Revelation therefore introduces into our history a universal and ultimate truth which stirs the human mind to ceaseless effort; indeed, it impels reason continually to extend the range of its knowledge until it senses that it has done all in its power, leaving no stone unturned. To assist our reflection on this point we have one of the most fruitful and important minds in human history, a point of reference for both philosophy and theology: Saint Anselm. In his Proslogion, the Archbishop of Canterbury puts it this way: lThinking of this problem frequently and intently, at times it seemed I was ready to grasp what I was seeking; at other times it eluded my thought completely, until finally, despairing of being able to find it, I wanted to abandon the search for something which was impossible to find. I wanted to rid myself of that thought because, by filling my mind, it distracted me from other problems from which I could gain some profit; but it would then present itself with ever greater insistence... Woe is me, one of the poor children of Eve, far from God, what did I set out to do and what have I accomplished? What was I aiming for and how far have I got? What did I aspire to and what did I long for?... O Lord, you are not only that than which nothing greater can be conceived (non solum es quo maius cogitari nequit), but you are greater than all that can be conceived (quiddam maius quam cogitari possit)... If you were not such, something greater than you could be thought, but this is impossibler.20
20 Proemium and Nos. 1, 15: PL 158, 223-224; 226; 235.
15 The truth of Christian Revelation, found in Jesus of Nazareth, enables all men and women to embrace the lmysteryr of their own life. As absolute truth, it summons human beings to be open to the transcendent, whilst respecting both their autonomy as creatures and their freedom. At this point the relationship between freedom and truth is complete, and we understand the full meaning of the Lord's words: You will know the truth, and the truth will make you free (Jn 8,32).
Christian Revelation is the true lodestar of men and women as they strive to make their way amid the pressures of an immanentist habit of mind and the constrictions of a technocratic logic. It is the ultimate possibility offered by God for the human being to know in all its fullness the seminal plan of love which began with creation. To those wishing to know the truth, if they can look beyond themselves and their own concerns, there is given the possibility of taking full and harmonious possession of their lives, precisely by following the path of truth. Here the words of the Book of Deuteronomy are pertinent: This commandment which I command you is not too hard for you, neither is it far off. It is not in heaven that you should say, 'Who will go up for us to heaven, and bring it to us, that we may hear it and do it?' Neither is it beyond the sea, that you should say, 'Who will go over the sea for us, and bring it to us, that we may hear and do it?' But the word is very near you; it is in your mouth and in your heart, that you can do it (Dt 30,11-14). This text finds an echo in the famous dictum of the holy philosopher and theologian Augustine: Do not wander far and wide but return into yourself. Deep within man there dwells the truth (Noli foras ire, in te ipsum redi. In interiore homine habitat veritas).21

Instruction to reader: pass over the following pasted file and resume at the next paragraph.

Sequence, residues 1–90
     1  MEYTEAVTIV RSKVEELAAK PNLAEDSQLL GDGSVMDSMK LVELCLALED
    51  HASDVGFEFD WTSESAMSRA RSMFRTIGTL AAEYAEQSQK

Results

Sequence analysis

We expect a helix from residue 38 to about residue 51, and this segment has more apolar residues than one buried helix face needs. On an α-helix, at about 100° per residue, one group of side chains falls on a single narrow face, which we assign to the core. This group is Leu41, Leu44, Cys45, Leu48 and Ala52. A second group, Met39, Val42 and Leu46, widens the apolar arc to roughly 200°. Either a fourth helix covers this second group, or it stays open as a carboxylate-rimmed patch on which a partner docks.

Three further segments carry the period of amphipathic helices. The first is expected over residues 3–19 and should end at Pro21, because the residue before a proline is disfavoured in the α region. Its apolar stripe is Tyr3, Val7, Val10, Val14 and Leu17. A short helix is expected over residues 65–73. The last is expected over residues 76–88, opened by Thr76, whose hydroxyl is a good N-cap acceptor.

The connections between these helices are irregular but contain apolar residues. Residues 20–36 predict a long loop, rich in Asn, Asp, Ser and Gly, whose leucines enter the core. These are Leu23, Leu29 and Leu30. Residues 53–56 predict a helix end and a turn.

These considerations prompt a first conclusion: the truth made known to us by Revelation is neither the product nor the consummation of an argument devised by human reason. It appears instead as something gratuitous, which itself stirs thought and seeks acceptance as an expression of love. This revealed truth is set within our history as an anticipation of that ultimate and definitive vision of God which is reserved for those who believe in him and seek him with a sincere heart. The ultimate purpose of personal existence, then, is the theme of philosophy and theology alike. For all their difference of method and content, both disciplines point to that path of life (Ps 16,11) which, as faith tells us, leads in the end to the full and lasting joy of the contemplation of the Triune God.
21 De Vera Religione, XXXIX, 72: CCL 32, 234.
Fides et ratio EN